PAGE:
Spondyloarthritis is an umbrella term of inflammatory rheumatic diseases that includes ankylosing spondylitis, psoriatic arthritis, enteropathic arthritis, juvenile, reactive and undifferentited arthritis.

Types of Spondyloarthritis

Let us look at their definitions and differences:

1. Ankylosing spondylitis

This is an inflammatory disease that, over time, can cause some of the small bones in your spine (vertebrae) to fuse. Eventually, the joints and bones there can fuse and make your spine stiffen into a C-shape.

This fusing makes the spine less flexible and can result in a hunched-forward posture. If ribs are affected, it can be difficult to breathe deeply. Ankylosing spondylitis affects men more often than women. Signs and symptoms typically begin in early adulthood.

Symptoms of Ankylosing Spondylitis

Inflammation can occur in other parts of your body, most commonly, your eyes.

Pain and stiffness in your lower back and hips, especially in the morning and after periods of inactivity.

Neck pain and fatigue also are common.

2. Psoriatic arthritis 

A chronic skin condition where your body’s immune system attacks healthy joints and skin by mistake. It’s characterised by patches of thickened skin covered by silvery scales. It most commonly affects the end joints of the fingers and toes. It can impact the spine. When this happens, it’s known as psoriatic spondyloarthritis. It may also cause pain in the neck.

Symptoms of psoriatic arthritis

Throbbing pain, along with stiffness and swelling.

Swollen fingers and toes that look like sausages and nail problems (for example, pitted nail beds).

Foot pain – Psoriatic arthritis can also cause pain at the points where tendons and ligaments attach to your bones — especially at the back of your heel (Achilles tendinitis) or in the sole of your foot.

Lower back pain –  Some people develop a condition called spondylitis as a result of psoriatic arthritis. Spondylitis mainly causes inflammation of the joints between the vertebrae of your spine and in the joints between your spine and pelvis.

Risk factors

Several factors can increase your risk of psoriatic arthritis, including:

Psoriasis – Having psoriasis is the single greatest risk factor for developing psoriatic arthritis. People who have pitted, deformed nails are especially likely to develop psoriatic arthritis.

Your family history

Your age – Although anyone can develop psoriatic arthritis, it occurs most often in adults between the ages of 30 and 50.

having frequent bacterial infections in your gut

having another inflammatory condition, such as psoriasis or inflammatory bowel disease

3. Enteropathic arthritis

Enteropathic Arthritis or Arthritis associated with Inflammatory Bowel Disease. Some patients with Enteropathic Arthritis experience a flare of joint pain around the same time that their bowel disease flare.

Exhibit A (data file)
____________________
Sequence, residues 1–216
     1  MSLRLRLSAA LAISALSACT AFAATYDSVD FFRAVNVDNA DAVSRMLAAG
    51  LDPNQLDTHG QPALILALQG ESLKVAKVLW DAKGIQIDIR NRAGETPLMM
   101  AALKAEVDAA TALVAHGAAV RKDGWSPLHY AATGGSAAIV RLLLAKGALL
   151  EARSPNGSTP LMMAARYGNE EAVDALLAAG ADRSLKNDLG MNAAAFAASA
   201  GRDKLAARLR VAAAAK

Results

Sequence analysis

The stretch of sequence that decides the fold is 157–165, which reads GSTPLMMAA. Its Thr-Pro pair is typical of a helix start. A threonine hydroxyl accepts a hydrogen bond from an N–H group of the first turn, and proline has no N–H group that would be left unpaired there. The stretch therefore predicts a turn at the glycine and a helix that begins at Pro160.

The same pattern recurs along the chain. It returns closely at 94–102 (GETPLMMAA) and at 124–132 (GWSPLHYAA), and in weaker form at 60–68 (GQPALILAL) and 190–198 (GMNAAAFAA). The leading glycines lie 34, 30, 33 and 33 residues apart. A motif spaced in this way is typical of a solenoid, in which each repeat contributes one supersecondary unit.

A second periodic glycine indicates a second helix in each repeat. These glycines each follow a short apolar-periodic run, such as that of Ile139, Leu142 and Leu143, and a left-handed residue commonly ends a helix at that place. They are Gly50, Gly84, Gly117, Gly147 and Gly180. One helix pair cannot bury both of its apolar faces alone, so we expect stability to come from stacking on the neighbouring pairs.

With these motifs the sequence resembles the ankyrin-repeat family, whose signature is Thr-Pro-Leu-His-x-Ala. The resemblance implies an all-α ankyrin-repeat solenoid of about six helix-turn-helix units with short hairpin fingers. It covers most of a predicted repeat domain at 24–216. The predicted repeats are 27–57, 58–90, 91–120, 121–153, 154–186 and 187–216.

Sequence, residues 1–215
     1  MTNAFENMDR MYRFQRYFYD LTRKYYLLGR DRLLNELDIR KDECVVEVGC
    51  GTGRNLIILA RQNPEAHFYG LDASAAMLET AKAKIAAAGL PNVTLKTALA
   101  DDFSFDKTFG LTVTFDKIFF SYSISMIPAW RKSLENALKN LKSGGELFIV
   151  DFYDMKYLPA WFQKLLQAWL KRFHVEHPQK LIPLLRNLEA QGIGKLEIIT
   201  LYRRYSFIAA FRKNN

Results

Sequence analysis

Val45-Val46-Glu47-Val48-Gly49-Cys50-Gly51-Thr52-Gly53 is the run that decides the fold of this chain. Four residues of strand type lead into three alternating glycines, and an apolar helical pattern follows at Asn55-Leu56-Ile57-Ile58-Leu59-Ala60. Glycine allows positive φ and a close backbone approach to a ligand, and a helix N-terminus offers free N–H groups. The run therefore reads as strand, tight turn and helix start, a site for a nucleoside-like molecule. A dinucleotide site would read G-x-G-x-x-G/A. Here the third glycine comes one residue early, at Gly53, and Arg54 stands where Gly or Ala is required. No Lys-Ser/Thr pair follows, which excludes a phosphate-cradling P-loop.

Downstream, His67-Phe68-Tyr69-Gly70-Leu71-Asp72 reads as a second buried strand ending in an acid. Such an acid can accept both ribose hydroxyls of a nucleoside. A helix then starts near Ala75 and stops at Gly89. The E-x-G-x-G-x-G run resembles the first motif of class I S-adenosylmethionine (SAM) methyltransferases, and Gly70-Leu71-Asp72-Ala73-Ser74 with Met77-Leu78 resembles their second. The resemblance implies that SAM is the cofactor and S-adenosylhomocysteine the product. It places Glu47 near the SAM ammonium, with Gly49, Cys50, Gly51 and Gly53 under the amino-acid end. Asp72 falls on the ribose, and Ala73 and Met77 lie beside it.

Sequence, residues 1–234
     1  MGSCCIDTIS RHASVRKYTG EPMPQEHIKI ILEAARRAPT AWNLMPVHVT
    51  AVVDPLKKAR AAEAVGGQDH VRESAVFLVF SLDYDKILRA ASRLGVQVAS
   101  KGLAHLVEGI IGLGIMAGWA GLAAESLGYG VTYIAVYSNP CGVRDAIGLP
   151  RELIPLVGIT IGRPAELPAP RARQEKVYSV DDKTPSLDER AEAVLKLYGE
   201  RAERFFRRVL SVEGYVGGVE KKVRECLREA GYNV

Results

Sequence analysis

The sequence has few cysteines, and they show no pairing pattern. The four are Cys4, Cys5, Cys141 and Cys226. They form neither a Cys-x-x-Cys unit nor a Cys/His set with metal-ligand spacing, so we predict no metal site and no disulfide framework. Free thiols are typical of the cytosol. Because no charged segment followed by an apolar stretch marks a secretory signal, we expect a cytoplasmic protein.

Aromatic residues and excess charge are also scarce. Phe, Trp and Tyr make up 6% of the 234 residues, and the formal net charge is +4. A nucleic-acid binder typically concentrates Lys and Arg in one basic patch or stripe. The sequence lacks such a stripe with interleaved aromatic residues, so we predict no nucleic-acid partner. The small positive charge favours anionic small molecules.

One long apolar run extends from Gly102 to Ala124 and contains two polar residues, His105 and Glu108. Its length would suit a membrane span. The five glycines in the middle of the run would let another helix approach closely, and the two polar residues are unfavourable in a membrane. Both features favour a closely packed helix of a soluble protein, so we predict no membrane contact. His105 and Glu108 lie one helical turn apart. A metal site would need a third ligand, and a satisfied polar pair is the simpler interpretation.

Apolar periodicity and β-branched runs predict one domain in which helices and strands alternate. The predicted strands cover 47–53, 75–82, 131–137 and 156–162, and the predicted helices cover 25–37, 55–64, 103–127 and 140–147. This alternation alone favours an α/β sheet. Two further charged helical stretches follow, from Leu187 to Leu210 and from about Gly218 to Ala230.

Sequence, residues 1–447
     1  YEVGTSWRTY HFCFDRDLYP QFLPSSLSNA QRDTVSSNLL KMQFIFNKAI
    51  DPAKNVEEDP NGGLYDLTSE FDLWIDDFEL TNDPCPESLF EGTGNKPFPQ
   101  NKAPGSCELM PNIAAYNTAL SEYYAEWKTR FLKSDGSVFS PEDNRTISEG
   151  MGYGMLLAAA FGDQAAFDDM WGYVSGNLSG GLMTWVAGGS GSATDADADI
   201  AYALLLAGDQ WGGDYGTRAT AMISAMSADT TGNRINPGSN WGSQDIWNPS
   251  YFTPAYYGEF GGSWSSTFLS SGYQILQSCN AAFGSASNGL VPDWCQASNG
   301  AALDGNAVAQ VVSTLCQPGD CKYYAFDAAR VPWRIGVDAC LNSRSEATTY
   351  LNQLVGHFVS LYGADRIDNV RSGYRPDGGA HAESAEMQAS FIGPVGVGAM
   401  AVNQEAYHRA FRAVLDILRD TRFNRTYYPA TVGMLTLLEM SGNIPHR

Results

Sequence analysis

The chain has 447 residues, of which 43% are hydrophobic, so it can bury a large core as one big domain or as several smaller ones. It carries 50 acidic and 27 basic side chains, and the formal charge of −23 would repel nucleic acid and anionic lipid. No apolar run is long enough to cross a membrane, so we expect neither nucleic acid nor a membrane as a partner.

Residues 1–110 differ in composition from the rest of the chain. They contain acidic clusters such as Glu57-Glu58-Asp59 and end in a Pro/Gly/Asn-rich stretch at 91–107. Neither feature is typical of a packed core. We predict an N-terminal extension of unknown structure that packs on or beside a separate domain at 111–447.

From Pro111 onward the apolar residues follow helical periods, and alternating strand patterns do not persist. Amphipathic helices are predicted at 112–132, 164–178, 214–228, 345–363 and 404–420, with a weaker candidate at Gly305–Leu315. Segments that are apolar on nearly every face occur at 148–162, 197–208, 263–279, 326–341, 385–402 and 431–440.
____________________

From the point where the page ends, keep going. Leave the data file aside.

Most people with enteropathic arthritis have already been diagnosed with Crohn’s disease or ulcerative colitis by the time their joint symptoms develop, says Kevin McKown, MD, an associate professor of internal medicine in the division of rheumatology at the University of Wisconsin. In some cases, though, joint inflammation may actually be the first indication of an underlying inflammatory bowel disease.

However, not all people who have an inflammatory bowel disease will get Enteropathic Arthritis.

Enteropathic Arthritis usually affects the joints of the lower limbs and the spine but any joint can be affected. It can also cause debilitating body aches similar to a disease called fibromyalgia. The specific symptoms of Enteropathic Arthritis vary from person to person.


Classic enteropathic arthritis symptoms include:

Back pain or stiffness – Enteropathic arthritis may cause back pain or stiffness, especially in the mornings, but the discomfort usually gets better as you move throughout the day. Sitting or standing for long periods tends to exacerbate back pain in enteropathic arthritis.

It may also cause bloody diarrhoea and abdominal pain due to inflammatory bowel disease.

Swollen, red, painful joints – These are the symptoms that are most likely to bring you to the doctor’s office. It’s easier with wrists and ankles than with back pain because you can see they are inflamed. Joint inflammation parallels bowel inflammation.  The good news is that your joints will probably feel better when your gut symptoms are treated. https://www.everydayhealth.com/rheumatic-diseases/diagnosing-enteropathic-arthritis.aspx

4. Juvenile arthritis

Describes the inflammatory and rheumatic diseases that develop in children under the age of 16. Most kinds of juvenile arthritis are autoimmune or auto inflammatory diseases. That means the immune system, which is supposed to fight against foreign invaders like viruses and germs, gets confused and releases inflammatory chemicals that attack healthy cells and tissue (https://www.arthritis.org/diseases/juvenile-arthritis).


The most common signs and symptoms of juvenile arthritis are:

Pain – While your child might not complain of joint pain, you may notice that he or she limps — especially first thing in the morning or after a nap.

Swelling – Joint swelling is common but is often first noticed in larger joints such as the knee.